When it comes to the best lures for shore fishing, there are many different categories of lures that work well. As you saw from our favorites above, they all vary in the type of action and bait they aim to imitate. Let’s go over some of the different types in more detail.
These lures are favorites of aggressive saltwater fish like tuna or tarpon. Topwater poppers act like a small fish swimming away from danger frantically on the surface. Large predatory fish find them irresistible and an easy snack to snag with little effort. They should be retrieved quickly and sporadically to imitate a scared baitfish.
Metal spoons are great shore fishing lures because of their ability to be cast very long distances. Their shape allows them to fly through the air smoothly and go loner distances than other more bulky lures. Once in the water, their shiny exteriors catch the eye of hungry fish that are on the lookout for an easy meal. We recommend retrieving metal spoons like you would a topwater lure: quickly and aggressively. Metal spoons are a great choice when fishing for king salmon, coho salmon, or pink salmon from shore.
Bucktail jigs are great lure when fishing from a dock or an elevated surface. They also work particularly well when the water gets deep close to shore. Bucktail jigs are a favorite for snook as well as redfish and black drum. Let them sink for a few seconds after casting, then jig them back to shore.
Another really popular saltwater shore lure is a rubber swimbait. Swimbaits aim to imitate a swimming baitfish and are typically made out of flexible rubber. This gives them a more realistic feel for the fish when they bite them as well. We like using swimbait when fishing for tropical saltwater gamefish like redfish, inshore cobia, and snook.
How to Choose a Shore Fishing Lure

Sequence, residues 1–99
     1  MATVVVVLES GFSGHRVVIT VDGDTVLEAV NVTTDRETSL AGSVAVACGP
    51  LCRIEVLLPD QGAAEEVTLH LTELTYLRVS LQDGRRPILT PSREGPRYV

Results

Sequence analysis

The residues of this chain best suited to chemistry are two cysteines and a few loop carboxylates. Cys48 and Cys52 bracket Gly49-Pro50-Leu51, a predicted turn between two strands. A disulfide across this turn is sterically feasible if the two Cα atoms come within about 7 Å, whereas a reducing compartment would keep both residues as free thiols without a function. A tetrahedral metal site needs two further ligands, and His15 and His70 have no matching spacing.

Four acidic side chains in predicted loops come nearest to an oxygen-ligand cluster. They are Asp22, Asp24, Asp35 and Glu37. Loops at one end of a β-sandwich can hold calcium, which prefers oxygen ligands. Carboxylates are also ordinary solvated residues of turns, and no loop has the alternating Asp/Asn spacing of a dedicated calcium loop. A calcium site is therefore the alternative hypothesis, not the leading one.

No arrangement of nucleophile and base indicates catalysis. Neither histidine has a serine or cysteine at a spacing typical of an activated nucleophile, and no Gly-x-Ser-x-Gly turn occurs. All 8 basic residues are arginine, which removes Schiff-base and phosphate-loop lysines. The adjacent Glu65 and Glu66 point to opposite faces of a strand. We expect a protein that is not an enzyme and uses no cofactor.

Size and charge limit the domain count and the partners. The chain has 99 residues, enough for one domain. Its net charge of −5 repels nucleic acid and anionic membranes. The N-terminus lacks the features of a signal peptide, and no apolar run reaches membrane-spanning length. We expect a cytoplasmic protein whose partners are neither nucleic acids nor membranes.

Now that you know what the best lures for shore fishing are, how do you choose the right one for you? Follow our recommendations on fish species, but also consider the following tips if you’re not sure.
- Make sure it’s saltwater rated. Saltwater is extremely corrosive; you should only use lures that were designed to be used in saltwater when fishing from shore. After you’re done fishing, rinse your lures and other fishing tackle down with freshwater to limit corrosion and oxidation.
- Aggressive action. Focus on lures that have more aggressive action for shore fishing. Since you’ll be targeting predatory surf fish, you want to imitate a wounded baitfish that is trying to escape getting eaten. This means the best lures for shore fishing should have aggressive action and can be retrieved quickly.
- Lure Color. Focus on trying to match your lure’s color with the fish you’re targeting’s natural prey. On clear days use more muted colored lures, and on dark overcast days use brighter colored lures. This will ensure any hungry fish near where you cast will see your lure and be tempted to bite it.
Picking out the best lure for shore fishing can prove difficult. There are many different options when you factor in color, size, and type. We hope after reading this article you now know which shore fishing lure is best for you and the kind of fish you’re fishing for. Want to share a great shore fishing lure that we didn’t list? Let us know about it in the comments below.